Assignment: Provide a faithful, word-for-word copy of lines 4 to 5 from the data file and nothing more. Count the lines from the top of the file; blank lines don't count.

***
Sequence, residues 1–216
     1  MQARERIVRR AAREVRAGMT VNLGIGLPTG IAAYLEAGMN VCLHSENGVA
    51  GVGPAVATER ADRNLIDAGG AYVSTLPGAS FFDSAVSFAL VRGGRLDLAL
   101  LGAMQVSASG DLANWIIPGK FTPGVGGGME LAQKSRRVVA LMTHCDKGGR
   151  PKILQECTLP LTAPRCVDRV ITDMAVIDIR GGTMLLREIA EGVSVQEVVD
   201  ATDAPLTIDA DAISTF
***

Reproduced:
   101  LGAMQVSASG DLANWIIPGK FTPGVGGGME LAQKSRRVVA LMTHCDKGGR
   151  PKILQECTLP LTAPRCVDRV ITDMAVIDIR GGTMLLREIA EGVSVQEVVD